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Scuttlebutt News:
'Yawn Design' Racing

(The following commentary comes from Bob Porter, and is reprinted from the RCR Yachts Racer's News #193, November 15, 2006. While some of it is very “tongue-in-cheek,” Bob's line of thinking provides some fresh fodder for the One-Design vs Handicap debate.)

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(November 15, 2006) Tell me the last time you gazed over a yacht club parking lot to see it filled with the same make and model of car. You'd be lucky to find any two the same. Foreign models, domestic models; pick-ups, station wagons, SUVs, sedans, vans, motorcycles; and in differing condition from ones with the sales sticker still in the window to ones where it is difficult to tell whether the rust holds the car together or the paint holds the rust together. Variety is the spice of life and the North American way. Who would even suggest we all buy the same kind of boat? "Yawn design" racers would!!

The idea of going out every weekend to race the same guys in identical boats is about as un-interesting as going to a Louisiana swamp to watch latex paint dry on an August afternoon. My experience would suggest after 5 or 6 times round the buoys, you'd pretty much know how the boats will finish, regardless of changing sea or wind conditions, event after event, year after year. Now this is "yawn design" racing!!!

Let's see, on Lake Ontario there are about 1300 PHRF racers. How many in a "yawn design" class? OK, 20 Beneteau 36.7s, and a dozen J35s, J105s, or Beneteau 40.7s. Let's see - race against 12 to 20 or 1300. Guess where the "Yawn design" racers go?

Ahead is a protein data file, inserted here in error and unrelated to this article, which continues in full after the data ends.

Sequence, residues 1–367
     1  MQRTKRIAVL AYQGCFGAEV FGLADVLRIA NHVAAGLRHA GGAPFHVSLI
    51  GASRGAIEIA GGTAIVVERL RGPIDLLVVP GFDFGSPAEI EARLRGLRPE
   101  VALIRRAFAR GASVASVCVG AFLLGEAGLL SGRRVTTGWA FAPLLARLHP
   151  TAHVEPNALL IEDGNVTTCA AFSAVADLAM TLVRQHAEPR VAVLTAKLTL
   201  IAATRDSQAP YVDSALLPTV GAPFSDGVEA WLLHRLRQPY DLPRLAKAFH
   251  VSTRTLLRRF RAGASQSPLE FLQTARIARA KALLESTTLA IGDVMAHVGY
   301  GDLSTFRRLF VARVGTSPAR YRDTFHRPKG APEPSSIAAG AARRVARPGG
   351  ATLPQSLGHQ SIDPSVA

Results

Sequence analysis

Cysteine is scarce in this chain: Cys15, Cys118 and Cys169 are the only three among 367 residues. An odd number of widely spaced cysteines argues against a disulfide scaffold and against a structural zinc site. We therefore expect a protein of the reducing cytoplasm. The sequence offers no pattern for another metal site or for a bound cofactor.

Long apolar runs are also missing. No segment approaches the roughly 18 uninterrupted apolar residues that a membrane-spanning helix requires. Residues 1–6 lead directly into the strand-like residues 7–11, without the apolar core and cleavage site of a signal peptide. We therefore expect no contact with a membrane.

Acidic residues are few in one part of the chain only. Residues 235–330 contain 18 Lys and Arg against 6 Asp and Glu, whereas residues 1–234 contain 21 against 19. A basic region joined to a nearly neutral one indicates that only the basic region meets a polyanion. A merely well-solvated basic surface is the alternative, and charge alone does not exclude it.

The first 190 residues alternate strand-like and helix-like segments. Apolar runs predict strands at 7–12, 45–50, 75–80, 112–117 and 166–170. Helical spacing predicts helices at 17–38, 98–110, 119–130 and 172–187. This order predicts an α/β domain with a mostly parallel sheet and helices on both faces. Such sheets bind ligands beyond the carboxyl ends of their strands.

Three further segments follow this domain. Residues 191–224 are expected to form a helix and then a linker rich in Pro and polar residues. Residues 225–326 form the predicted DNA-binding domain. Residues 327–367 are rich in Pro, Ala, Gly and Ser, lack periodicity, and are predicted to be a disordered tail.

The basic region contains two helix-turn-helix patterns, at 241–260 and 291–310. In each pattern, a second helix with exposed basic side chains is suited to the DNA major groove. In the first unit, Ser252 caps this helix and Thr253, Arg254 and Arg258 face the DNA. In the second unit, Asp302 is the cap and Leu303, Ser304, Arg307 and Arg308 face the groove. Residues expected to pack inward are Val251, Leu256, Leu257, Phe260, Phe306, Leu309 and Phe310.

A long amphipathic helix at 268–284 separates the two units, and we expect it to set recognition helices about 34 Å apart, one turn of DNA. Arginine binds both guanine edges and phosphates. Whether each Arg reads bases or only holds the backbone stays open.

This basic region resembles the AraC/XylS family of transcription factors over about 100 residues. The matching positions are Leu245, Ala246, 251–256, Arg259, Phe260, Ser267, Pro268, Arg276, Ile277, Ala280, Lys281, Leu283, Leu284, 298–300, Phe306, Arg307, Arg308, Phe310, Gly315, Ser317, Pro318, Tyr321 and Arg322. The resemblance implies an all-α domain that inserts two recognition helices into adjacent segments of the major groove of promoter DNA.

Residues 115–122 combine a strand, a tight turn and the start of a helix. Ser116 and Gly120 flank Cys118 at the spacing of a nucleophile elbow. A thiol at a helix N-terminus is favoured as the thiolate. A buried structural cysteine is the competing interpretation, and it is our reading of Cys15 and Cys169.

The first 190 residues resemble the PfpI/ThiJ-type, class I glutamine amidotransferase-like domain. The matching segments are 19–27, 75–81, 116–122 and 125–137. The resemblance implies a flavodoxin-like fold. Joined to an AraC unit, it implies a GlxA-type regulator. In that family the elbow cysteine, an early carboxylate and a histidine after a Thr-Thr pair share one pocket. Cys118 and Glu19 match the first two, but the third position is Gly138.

About that myth that one-design racers are identical boats: note the anal retentive measurements the J/24s go through before a major regatta - to assure they are similar. Also note J/35s when measured for IMS (and now IRC as well) differ by more than 21 seconds per mile between the fastest and slowest.

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While performance handicap racing has its drawbacks, you have much more variety and transportability. How does your boat perform in 6 knots, 12 knots, or 20 knots of wind? How are you on a beat, a close reach, a broad reach, a run? How about in glassy, 1 to 2 foot, or 3 to 5 foot seas? In a mixed fleet, different boats do better in different conditions and points of sail. Today might be your favored day while next week is your competition's day. You win the series by doing well in conditions that don't favor you - the real challenge. In "yawn design" all the boats perform identically in all conditions and points of sail. How boring!!!

It is also interesting to note that the manufacturers introduce a new "yawn design" about every year. Why aren't they selling the J/24s, San Juan 24s, Olson 30s, or J/30s (probably one of the best racer/cruisers ever built)? Where is your brand new "yawn design 32" going to be in five or ten years when the Gotta-go-fast 33 is now the boat to have?

And let's remember where ole "yawn design" racers end up. Hiawatha (the Catalina 38 that Bob skippers) was purchased to race with a fleet of 15 Catalina 38s out of Detroit/Windsor. It was the big boat fleet there for 15 years before it died. I'll bet she's putting more water under her hull racing and more flags on her hoist than she could ever do sailing "yawn design".

Consider the above-mentioned stuff a blatant distortion of the truth, but it helps make my real point. One design sailing clearly has advantages and disadvantages but they should be kept in perspective for the benefit of club, regatta, and offshore sailboat racing. We have little room for elitism or chest pounding if we are to keep our sport healthy. We can and must co-exist to the mutual benefit of all. - Bob Porter

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